Radiocarbon‐based ages and growth rates of bamboo corals from the Gulf of Alaska
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Deep-sea coral communities have long been recognized by fisherman as areas that support large populations of commercial fish. As a consequence, many deep-sea coral communities are threatened by bottom trawling. Successful management and conservation of this widespread deep-sea habitat requires knowledge of the age and growth rates of deep-sea corals. These organisms also contain important archives of intermediate and deep-water variability, and are thus of interest in the context of decadal to century-scale climate dynamics. Here, we present Δ 14C data that suggest that bamboo corals from the Gulf of Alaska are long-lived (75-126 years) and that they acquire skeletal carbon from two distinct sources. Independent verification of our growth rate estimates and coral ages is obtained by counting seasonal Sr/Ca cycles and probable lunar cycle growth bands. Copyright 2005 by the American Geophysical Union.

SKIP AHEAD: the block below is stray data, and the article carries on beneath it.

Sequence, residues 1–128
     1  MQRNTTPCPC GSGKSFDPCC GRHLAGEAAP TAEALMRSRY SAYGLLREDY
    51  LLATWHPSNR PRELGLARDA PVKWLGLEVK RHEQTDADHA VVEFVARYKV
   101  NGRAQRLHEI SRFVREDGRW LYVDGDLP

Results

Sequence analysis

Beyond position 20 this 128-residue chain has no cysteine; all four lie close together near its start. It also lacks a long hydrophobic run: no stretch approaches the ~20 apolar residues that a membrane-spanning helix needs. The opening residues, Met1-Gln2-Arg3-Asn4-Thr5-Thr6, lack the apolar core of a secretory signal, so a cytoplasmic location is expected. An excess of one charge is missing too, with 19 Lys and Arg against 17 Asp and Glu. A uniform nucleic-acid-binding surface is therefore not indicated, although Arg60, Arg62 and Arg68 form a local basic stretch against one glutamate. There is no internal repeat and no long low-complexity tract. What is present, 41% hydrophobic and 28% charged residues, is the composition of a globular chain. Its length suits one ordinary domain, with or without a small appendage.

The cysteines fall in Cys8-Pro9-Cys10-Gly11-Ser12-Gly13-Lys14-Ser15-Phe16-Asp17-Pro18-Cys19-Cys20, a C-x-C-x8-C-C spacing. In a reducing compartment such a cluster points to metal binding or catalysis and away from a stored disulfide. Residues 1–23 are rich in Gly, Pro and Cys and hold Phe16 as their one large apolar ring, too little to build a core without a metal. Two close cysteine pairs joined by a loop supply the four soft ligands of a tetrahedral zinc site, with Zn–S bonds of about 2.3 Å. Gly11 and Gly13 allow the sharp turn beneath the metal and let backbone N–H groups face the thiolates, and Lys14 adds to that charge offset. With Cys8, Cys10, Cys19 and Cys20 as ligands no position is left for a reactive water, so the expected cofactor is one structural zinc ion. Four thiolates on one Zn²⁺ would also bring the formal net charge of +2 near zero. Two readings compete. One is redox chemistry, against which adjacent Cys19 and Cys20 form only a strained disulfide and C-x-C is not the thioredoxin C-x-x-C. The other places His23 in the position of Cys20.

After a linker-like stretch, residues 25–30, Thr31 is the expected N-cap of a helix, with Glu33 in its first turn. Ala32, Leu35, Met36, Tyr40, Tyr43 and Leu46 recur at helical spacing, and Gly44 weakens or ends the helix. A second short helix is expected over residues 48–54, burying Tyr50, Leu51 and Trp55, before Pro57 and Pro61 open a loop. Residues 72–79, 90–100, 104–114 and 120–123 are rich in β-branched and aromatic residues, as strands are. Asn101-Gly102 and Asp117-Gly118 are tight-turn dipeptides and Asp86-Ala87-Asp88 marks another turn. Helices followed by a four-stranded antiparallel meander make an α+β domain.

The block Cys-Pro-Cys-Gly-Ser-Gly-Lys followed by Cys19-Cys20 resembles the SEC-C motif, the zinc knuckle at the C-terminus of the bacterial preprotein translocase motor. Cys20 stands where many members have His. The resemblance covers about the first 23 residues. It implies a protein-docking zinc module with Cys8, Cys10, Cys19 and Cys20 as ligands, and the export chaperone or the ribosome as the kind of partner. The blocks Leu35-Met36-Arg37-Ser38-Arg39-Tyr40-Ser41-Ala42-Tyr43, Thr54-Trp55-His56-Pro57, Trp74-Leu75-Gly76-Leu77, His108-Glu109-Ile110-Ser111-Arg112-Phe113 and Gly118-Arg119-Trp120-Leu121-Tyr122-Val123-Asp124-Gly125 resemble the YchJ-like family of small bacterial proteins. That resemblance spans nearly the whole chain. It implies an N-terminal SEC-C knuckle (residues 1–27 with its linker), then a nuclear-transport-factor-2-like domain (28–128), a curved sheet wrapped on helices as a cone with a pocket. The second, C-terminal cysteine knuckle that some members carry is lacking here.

author list (cited authors)
Roark, E. B., Guilderson, T. P., Flood‐Page, S., Dunbar, R. B., Ingram, B. L., Fallon, S. J., & McCulloch, M.